Another challenge was to process attachments in the database. A certain type of records allowed to attach files to it – they were saved as BLOBs in one of the tables. We were forced to use an external program (OLE Express) to export files. Unfortunately, despite following the program instructions, they could not be named according to the references held by this table, we also had to sort the records and give the files a name in the form of an iterator (1,2,3, …). We wrote a simple SQL that combined table records and attachments with the parent table records in the correct order. After trying to transfer them to the new application, we noticed that they fell into the wrong places. It turned out that the old application had an error related to attachment translations. The main version correctly matched with the given record, while the translation contained an empty reference. This caused a simple error on our side because instead of the left join required here, we used the inner join. It may sound trivial, but it was not easy to orientate, because in this case we operated on the ID itself.
But the most important thing is that we have managed to overcome these challenges!
The application should allow users to filter the results of the extended database by many different categories like location, nationality, company and many, many more. So its UX and UI should be at the highest possible level. Moreover, we have cooperated mostly remotely during the project using emails and calls for communication, Jira for tasks planning and reporting.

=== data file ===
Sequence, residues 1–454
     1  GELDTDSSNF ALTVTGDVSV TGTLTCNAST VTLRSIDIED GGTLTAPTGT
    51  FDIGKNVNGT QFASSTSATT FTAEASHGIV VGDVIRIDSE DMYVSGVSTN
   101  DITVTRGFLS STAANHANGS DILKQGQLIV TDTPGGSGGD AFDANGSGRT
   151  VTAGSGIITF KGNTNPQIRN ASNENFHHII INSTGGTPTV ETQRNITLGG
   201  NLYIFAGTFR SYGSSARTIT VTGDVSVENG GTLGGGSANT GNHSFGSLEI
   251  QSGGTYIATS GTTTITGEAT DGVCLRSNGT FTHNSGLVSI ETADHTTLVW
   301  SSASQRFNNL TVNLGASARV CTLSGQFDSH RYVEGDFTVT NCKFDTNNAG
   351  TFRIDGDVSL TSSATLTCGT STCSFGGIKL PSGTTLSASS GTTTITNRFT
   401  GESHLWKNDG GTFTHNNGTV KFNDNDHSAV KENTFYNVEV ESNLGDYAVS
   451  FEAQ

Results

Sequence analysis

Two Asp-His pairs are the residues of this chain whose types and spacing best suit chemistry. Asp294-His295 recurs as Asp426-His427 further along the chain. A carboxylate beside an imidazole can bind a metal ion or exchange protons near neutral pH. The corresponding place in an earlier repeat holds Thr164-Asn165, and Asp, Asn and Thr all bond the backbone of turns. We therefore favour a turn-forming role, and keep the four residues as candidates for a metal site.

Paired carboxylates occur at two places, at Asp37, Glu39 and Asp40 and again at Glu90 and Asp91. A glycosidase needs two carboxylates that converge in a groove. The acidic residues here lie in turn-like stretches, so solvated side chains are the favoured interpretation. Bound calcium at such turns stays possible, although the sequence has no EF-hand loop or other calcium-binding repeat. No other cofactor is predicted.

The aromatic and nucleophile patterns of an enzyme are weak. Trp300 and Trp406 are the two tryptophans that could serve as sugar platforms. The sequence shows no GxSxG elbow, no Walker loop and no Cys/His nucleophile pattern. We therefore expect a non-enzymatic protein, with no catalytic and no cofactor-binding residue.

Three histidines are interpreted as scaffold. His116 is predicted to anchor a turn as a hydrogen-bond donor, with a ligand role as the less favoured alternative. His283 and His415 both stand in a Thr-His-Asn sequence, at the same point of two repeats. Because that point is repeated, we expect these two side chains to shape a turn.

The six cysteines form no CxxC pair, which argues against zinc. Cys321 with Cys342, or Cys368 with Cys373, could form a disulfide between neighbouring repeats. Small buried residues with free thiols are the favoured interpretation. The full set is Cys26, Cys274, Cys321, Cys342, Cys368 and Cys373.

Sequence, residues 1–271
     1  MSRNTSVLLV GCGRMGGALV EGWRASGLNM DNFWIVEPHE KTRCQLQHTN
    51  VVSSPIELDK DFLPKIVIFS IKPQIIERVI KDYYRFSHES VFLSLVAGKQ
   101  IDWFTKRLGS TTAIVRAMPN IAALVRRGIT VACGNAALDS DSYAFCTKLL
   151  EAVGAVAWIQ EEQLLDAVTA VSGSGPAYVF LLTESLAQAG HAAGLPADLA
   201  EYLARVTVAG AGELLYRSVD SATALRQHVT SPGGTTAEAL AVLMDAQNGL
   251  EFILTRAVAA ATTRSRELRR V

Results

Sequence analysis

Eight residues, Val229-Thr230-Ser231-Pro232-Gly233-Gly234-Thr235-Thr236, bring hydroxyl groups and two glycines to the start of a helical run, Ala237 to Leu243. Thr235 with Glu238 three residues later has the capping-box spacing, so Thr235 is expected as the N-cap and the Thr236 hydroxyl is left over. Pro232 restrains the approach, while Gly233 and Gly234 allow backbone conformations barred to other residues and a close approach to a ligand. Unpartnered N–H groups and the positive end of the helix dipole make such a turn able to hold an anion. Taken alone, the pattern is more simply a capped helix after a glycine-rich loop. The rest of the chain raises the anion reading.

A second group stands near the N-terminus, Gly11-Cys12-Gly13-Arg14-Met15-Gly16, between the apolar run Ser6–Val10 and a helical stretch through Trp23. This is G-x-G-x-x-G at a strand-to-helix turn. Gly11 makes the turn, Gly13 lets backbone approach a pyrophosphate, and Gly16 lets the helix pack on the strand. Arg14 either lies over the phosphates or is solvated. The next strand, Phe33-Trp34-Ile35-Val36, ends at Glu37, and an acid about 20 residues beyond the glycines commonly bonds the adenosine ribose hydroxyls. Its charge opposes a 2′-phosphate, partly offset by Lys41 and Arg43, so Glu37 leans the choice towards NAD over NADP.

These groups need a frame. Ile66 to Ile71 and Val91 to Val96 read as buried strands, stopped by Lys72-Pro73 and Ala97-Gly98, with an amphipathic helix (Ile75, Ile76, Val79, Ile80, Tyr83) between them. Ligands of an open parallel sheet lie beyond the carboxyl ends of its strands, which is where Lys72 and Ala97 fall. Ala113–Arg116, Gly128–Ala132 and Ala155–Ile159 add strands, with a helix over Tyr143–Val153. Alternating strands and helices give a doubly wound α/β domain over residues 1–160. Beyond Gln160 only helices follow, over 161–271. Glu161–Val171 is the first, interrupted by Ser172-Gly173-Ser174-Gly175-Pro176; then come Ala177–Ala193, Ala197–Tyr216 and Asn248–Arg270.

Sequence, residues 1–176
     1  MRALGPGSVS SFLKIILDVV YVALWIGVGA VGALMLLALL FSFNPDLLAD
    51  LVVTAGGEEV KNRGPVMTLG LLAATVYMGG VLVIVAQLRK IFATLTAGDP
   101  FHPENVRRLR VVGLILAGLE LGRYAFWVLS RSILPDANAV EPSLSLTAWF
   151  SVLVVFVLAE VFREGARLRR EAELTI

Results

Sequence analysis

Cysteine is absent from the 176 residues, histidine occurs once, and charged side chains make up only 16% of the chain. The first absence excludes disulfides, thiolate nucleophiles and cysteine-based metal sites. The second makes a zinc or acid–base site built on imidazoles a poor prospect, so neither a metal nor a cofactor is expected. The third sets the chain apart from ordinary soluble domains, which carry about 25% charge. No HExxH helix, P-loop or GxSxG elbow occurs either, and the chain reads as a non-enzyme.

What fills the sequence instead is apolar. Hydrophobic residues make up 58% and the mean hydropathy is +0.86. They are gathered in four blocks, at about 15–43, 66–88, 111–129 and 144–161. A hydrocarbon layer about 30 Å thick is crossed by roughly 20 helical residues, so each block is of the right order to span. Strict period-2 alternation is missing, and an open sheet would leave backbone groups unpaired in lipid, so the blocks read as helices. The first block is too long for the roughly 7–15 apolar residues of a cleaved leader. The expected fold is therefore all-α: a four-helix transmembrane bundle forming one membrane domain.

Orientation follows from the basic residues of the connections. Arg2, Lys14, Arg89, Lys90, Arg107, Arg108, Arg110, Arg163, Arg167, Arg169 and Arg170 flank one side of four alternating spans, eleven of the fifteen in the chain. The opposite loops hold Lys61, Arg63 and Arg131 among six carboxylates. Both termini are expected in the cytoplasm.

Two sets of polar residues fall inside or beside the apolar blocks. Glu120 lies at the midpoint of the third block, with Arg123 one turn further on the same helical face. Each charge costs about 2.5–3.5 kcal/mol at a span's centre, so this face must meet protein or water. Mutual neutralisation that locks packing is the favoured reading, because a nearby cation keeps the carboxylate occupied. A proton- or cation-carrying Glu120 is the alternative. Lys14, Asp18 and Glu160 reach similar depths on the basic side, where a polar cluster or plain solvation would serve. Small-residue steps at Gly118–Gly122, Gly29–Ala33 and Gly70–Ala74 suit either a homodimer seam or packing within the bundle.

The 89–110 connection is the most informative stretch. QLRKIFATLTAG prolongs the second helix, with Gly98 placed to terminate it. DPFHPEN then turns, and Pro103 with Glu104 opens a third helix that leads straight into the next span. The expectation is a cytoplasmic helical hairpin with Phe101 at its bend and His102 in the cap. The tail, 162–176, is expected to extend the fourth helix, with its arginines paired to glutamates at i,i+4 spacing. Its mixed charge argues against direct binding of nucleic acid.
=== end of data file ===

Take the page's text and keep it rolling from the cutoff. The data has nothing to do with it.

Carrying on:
Together with the Signium team, after the series of workshops, we determined the expectations, needs and specified the functions of the web application. Behind many filtrating options available for employees stays a complex architecture of the system. After the Signium team approved the colors and mockups of individual screens presented by our UX/UI designer, we started developing the app. We decided to use Ruby on Rails for back-end and VUE.JS for front-end development. We took some time to test the application properly, and our QA specialist was paying attention to every detail. The whole process went smoothly as we were always in touch with the client.
Our team is highly satisfied with the results of our cooperation with the client, especially as most of it was remote. The web application was created for internal use and the end-user has many of the available functions, easily accessible on just a few clicks. We used a limited number of colors while designing the interface, so that the product itself helps and doesn’t distract while working. We provided Signium with full technical specifications which allow in the future to analyze the application and develop it further. Signium has always been taking care of GDPR compliance, but the new system ensures data security and more effective tracking of consents to the processing of personal data. Now they can conduct searches at top executive and upper management levels even faster!